Precision medicine, big data, Alzheimer’s Disease, migraine, and RNA therapeutics.
Learnings from the April 2018 meeting.
Edited by Jill Condello, PhD, ICON Access, Commercialisation & Communications
The recession and the focus of the Obama administration on health care mean that saving money and improving health care quality are now high on everyone’s “to do” list. Anything that both saves money and improves quality should be very high on the list.
Why, then, is improving medical diagnosis — a huge potential area for saving money and improving quality in medicine — still missing from such lists? Today, medical diagnosis accounts for about 10 percent of all medical costs, or $250 billion per year in the United States, yet it is not managed as a category, even though it is expected to grow three- or four-fold over the next decade, much faster than the rest of medicine.
Normally, a growing category is in everyone’s sights, reflecting the maxim “What gets measured gets done.” However, the current system tracks only three categories of costs: office visits, interventions, and drugs. This system makes it difficult to tease out the costs of diagnosis. In most of the recent major reports on health care and cost management, costs relating to diagnosis are not even mentioned. Just last November, outgoing Secretary of Health and Human Services Michael Leavitt confirmed to me that the government was not yet focused on diagnosis as a cost category.
What has raised diagnosis costs from $90 billion in 2000 to $250 billion in 2008? Routine blood tests have grown in complexity and utilization, but they are not the primary driver of cost or growth. Innovations in medical imaging equipment have helped drive 14 percent growth in overall diagnosis costs per year, and innovations in genetic tests are expected to be an important additional driver of growth.
Understanding how to manage costs, however, requires a better understanding of the three situations when doctors order expensive tests.
1. Population screening, such as mammograms. Population screening is typically a public health-driven process, where the costs and outcomes of not screening are weighed against the benefits. In this area, there is often robust cost-management debate.
2. Complaint-driven diagnosis, such as back pain, persistent headaches, or uncommon patterns of symptoms and observable signs.
Clinicians overspend today on complaint-driven diagnosis, not so much for malpractice as is often assumed, nor as an unintended consequence of payer, particularly Medicare, incentives. True complexity is the real driver.
Five decades ago, the Norman Rockwell-era doctor knew what there was to know (a few hundred common and a few hundred uncommon diseases) and could treat fewer than half those diseases. He had limited need for diagnostic support; his intuition and memory sufficed.
In contrast, the number of separate diagnoses now exceeds 8,000, having averaged 5 percent growth per year for 60 years, a pace likely to continue as genetic research subdivides existing diseases into genotypes to be treated. Recognizing this complexity, the National Institutes of Health (NIH) has established the new Undiagnosed Diseases Program, an initiative that will help drive the number of known diseases even higher.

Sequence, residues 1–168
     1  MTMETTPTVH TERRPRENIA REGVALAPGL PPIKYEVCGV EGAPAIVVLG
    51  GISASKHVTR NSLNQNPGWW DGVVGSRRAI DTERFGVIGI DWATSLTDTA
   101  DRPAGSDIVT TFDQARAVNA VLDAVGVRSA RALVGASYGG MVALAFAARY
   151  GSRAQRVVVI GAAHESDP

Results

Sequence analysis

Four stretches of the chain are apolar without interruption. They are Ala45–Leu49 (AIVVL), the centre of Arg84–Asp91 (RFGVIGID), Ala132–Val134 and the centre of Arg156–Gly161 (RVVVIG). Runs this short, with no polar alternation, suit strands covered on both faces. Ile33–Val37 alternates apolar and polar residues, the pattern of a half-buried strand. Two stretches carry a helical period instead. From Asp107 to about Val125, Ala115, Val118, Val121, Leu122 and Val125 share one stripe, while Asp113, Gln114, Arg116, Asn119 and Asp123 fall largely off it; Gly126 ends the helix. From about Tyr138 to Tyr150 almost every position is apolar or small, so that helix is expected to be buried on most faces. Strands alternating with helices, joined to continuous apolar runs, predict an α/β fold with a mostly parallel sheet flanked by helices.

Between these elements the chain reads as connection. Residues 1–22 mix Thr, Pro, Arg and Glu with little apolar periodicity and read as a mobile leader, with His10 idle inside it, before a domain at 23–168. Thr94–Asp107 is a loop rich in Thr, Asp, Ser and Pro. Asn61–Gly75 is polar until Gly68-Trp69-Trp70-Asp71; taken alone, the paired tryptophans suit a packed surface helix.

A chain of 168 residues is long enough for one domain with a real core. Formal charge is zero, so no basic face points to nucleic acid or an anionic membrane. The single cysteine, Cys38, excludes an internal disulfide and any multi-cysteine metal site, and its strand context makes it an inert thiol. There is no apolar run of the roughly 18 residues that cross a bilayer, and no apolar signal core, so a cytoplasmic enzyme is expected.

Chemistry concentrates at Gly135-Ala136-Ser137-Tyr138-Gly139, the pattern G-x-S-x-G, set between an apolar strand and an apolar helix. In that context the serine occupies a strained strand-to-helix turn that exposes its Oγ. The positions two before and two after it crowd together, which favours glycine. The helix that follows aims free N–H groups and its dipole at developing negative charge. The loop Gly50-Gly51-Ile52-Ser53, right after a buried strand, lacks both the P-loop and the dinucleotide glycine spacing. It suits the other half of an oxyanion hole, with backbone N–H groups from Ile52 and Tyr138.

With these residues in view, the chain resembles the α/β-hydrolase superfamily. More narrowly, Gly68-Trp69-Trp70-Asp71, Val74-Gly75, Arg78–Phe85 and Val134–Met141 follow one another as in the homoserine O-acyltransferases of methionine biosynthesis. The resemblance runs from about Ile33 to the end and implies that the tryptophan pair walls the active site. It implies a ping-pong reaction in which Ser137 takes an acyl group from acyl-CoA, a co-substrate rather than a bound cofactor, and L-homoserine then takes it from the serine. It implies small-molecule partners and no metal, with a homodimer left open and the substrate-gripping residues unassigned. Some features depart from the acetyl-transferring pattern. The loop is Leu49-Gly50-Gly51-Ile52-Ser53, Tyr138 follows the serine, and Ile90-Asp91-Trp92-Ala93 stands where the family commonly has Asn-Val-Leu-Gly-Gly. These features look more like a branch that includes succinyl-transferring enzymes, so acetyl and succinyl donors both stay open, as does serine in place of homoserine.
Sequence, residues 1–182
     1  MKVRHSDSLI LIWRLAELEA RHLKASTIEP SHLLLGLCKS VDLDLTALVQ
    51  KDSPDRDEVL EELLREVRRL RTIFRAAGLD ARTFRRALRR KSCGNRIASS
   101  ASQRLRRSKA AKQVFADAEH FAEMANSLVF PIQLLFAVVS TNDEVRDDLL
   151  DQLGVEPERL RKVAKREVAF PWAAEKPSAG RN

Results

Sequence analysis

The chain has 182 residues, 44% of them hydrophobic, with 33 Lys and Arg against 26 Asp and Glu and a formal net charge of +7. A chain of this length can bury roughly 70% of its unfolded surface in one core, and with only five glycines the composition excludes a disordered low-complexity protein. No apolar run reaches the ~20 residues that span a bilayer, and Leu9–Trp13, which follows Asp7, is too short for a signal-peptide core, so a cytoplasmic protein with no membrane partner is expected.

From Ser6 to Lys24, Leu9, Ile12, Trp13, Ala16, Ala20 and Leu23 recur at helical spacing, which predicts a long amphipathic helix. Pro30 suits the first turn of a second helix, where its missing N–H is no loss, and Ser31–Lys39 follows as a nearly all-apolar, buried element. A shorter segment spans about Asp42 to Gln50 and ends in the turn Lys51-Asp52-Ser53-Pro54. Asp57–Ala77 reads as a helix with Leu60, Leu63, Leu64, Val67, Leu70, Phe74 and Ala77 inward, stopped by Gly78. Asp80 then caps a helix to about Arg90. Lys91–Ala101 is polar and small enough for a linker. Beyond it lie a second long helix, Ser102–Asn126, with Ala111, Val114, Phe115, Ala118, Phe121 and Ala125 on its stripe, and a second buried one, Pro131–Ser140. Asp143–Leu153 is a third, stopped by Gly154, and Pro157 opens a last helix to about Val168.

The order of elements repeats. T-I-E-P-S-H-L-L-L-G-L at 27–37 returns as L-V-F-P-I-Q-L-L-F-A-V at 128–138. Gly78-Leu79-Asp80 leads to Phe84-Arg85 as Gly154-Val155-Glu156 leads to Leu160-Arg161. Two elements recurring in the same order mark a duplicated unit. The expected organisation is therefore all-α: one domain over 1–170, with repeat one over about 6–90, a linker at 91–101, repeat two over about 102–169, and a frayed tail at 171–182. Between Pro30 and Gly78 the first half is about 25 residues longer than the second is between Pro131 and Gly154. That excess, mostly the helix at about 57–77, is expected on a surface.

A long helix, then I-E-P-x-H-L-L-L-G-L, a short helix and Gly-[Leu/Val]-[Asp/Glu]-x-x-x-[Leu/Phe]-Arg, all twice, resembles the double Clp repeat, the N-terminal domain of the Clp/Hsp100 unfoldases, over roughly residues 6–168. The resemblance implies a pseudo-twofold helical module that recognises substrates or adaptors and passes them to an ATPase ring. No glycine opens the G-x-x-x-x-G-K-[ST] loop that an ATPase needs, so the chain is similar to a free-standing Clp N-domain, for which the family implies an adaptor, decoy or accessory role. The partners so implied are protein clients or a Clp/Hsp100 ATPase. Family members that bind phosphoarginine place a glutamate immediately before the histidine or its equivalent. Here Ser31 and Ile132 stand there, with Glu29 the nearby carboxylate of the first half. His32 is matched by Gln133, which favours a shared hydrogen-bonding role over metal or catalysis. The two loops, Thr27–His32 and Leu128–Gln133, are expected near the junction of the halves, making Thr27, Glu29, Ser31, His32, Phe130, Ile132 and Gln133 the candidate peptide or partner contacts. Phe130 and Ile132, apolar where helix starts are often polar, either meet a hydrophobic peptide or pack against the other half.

Meanwhile, to cope with this level of complexity, subspecialists have emerged and often schedule multiple consults and tests in parallel. Part of the reason for this scattershot approach is a desire to arrive at a diagnosis in a timely way, but part is a response to incentives that reward testing, which can be measured, and discourage thinking, which is difficult to measure. The result, however, is striking. Complex workups routinely cost $10,000–$15,000 where $1,000–$2,000 would do, if only the doctors could be sure of precisely which test to order.
3. Treatment selection, post-initial diagnosis, such as finding a cancer patient’s tumor genotype to identify which treatment protocol to use. Diabetes monitoring would also fit in this category.
There is an important trend toward “personalized medicine” using genetic and antigen tests to treat cancers and some other illnesses differently depending on the molecular subtypes.
How has the U.S. health care system dealt with cost management of this sort? Perhaps the most successful approach has been benefit management. Pharmacy benefit management is the best-known example.
Twenty-five years ago, prescription drugs were a small and unmanaged category. Payers lacked the evidenced-based outcomes data and other expertise to influence drug selection and level of use. At the time, prescription drugs accounted for only a small percent of health care costs. However, because of advances in biomedical knowledge and the realization that pharmaceuticals could lower other costs in health care, it was clear that such expenses were poised to increase, and some far-thinking executives recognized an opportunity to specialize.
You know the story — the pharmacy benefit managers (PBMs) went to employers and said that in exchange for a fee per member they would carve out and manage all costs related to prescription drugs. Later, they also sold the services as a private label or branded part of insurers’ offerings. Eventually, payers built their own PBMs.
How were PBMs able to deliver lower costs than the traditional payers? The savings came from three advantages of specialization and focus.
1. Utilization. They made extraordinary use of outcomes information to influence utilization. In particular, they reduced use of ineffective treatments and educated physicians to switch to generic drugs where effectiveness was equivalent.
2. Volume discounts. The PBMs made use of their concentrated buying power to get volume discounts, and offered those by way of mail-order pharmacies.